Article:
[IAEP] Feedback needed: pippy use cases?
anish at activitycentral.org
Wed Feb 23 12:21:44 EST 2011
[cc += iaep, sugar-devel, quozl]
On Wed, Feb 23, 2011 at 10:43, Nicholas Doiron <ndoiron at andrew.cmu.edu> wrote:
> Hi Anish,
> I taught an exploratory Pippy class in Uganda and would be happy to share
> feedback on the activity. I also wrote a lesson plan for the Digital
> Literacy Project.
> 1. The Ugandan students were 6th-7th graders, and I felt they could handle
> the activity because they had learned pre-algebra, and were interested in
> the computers.
> I also shared a lesson plan with this teacher from Plan Ceibal (
> 2. Any activity using the mesh or Jabber system is difficult and
> time-consuming to set up in the classroom. I haven't tested collaboration
> with Pippy.
> 3. We all worked on the same example.
> 4. Not only explain code, also help guide students to know some variables
> they can modify. As a self-taught programmer, I first learned by changing
> variables (for example, speeding up cars in a racing game) and seeing the
> results. The Camera.py example was a cool way to start kids doing this,
> too. We can change the scale and rotation applied to the photo, or change
> the background color, just by changing a few numbers. Right now it takes
> a lot more teacher guidance than experimenting... maybe there's a happy
> There should be simple camera, microphone, and/or text-to-speech examples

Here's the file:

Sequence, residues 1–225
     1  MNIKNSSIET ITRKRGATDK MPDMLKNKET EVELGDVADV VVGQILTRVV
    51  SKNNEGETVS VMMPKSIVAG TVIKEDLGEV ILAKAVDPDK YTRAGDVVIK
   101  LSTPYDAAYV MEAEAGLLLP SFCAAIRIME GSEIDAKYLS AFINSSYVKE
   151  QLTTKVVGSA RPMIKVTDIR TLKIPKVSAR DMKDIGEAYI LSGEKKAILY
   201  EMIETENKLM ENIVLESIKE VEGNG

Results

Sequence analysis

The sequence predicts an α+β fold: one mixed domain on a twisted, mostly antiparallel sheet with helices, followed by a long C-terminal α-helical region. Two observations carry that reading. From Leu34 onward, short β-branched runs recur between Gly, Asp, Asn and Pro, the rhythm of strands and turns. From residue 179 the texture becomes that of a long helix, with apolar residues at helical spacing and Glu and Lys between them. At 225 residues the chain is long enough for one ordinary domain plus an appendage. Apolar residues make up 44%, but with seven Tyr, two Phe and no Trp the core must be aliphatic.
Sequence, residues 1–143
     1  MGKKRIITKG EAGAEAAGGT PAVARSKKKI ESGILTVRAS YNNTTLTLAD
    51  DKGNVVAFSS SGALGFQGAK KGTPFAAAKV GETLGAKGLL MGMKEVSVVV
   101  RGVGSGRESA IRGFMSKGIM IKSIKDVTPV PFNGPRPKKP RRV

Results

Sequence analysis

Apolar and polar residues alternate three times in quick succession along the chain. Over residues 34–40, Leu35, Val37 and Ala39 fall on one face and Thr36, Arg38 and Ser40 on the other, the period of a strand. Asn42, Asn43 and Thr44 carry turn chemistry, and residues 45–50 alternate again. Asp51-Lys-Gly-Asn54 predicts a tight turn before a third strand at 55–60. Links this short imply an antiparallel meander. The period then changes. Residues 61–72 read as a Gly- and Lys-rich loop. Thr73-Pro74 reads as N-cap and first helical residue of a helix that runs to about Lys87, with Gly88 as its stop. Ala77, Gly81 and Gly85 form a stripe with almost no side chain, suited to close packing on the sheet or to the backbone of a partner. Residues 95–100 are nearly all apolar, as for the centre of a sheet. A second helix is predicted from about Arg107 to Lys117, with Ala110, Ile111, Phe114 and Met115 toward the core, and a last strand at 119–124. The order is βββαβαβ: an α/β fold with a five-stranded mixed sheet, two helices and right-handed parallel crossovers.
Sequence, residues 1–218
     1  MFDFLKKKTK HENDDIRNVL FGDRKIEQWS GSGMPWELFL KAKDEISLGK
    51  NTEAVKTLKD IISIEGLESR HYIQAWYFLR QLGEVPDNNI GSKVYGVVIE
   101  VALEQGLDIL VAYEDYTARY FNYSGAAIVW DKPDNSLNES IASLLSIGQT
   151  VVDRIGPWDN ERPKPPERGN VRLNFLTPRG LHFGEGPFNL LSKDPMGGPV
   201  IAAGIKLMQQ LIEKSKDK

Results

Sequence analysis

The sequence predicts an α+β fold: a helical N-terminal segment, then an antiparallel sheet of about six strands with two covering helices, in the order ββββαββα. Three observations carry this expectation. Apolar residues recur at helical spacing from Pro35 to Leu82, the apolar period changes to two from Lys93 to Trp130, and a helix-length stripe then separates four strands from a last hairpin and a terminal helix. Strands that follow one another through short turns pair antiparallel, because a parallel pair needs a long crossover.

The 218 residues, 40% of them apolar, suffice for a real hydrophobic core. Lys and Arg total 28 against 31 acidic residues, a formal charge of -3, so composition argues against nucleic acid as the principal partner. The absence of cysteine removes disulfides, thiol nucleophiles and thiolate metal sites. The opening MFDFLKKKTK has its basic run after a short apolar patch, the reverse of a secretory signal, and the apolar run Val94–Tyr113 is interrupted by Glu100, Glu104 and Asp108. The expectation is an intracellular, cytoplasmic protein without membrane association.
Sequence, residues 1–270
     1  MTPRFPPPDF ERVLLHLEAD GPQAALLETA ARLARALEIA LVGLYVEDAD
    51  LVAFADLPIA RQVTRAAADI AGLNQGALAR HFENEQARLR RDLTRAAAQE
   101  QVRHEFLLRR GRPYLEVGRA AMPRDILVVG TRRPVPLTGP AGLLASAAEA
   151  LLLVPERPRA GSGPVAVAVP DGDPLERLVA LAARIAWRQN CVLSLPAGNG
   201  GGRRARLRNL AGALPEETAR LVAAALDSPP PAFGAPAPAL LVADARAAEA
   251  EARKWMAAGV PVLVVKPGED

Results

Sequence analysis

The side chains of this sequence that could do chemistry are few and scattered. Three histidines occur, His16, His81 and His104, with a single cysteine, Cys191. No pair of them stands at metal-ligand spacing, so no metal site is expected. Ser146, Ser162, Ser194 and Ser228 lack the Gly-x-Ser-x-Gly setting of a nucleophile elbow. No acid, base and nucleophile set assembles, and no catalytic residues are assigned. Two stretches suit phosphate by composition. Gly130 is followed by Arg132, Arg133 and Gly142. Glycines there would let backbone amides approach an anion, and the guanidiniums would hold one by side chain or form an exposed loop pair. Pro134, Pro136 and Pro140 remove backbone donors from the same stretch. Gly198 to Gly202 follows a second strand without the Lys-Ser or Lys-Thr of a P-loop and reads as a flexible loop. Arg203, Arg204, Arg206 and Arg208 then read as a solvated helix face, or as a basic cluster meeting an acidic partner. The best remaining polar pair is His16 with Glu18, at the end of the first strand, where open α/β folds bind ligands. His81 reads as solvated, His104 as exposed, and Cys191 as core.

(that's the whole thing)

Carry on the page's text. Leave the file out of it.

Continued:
> to entertain kids and draw them in. Geometry and algebra basics are
> covered well in TurtleArt... I don't know how easily they could be
> introduced using Pippy.
> 5. It would be great for us to be able to share and download more
> examples. Could they be shared using XOL bundles?
> 6. I wrote an example in Spanish which uses espeak text-to-speech, adding
> -ves for Spanish pronunciation: http://pastebin.com/1QPk27rd But you
> can't avoid most keywords in programming languages being in English.
> There have been several discussions about this on StackOverflow:
> One of the unanticipated challenges which I faced in Uganda was opposition
> from another American student volunteer. She said "you're supposed to
> teach how to use a computer, not to program them".
> I am worried that in education, there are many such people who like
> technology but avoid getting their hands dirty. I suggest that you
> associate creating programs with creating other content such as
> student-made movies, stories, fanfic, and characters.
> Considering we went to the trouble of giving schools an open-source
> computer, considering that we hope these kids' careers and quality of life
> will be improved by smart mobile phones and programs, hiding programming
> from them would be incredibly short-sighted and even controlling. Pippy
> isn't the easiest activity, but it does give students a direct line to the
> underlying tech, and a real-world programming language.
> Nick Doiron
> On Tue, February 22, 2011 11:03 pm, Anish Mangal wrote:
>> As Pippy maintainer, I'm looking for inputs as to how is Pippy
>> intended to be used in a classroom environment and how is it currently
>> used. In particular:
>> 1. What grades use Pippy? Could it be used in lower grades with some
>> changes? If so, what could be the nature of those changes?
>> 2. Collaborative code editing? How much is it actually used? What
>> could be made better?
>> 3. Sharing/reviewing of examples by other kids/teachers?
>> 4. Would more explanatory code comments in Pippy examples help?
>> 5. Would having a central repository of having pippy code examples
>> help... For example, the ability to download/upload to a url like
>> 6. Would it help to have the examples in different languages wherever
>> possible (spanish, for example)?
>> Inputs will help guide future releases of Pippy.
>> IAEP -- It's An Education Project (not a laptop project!)
>> IAEP at lists.sugarlabs.org
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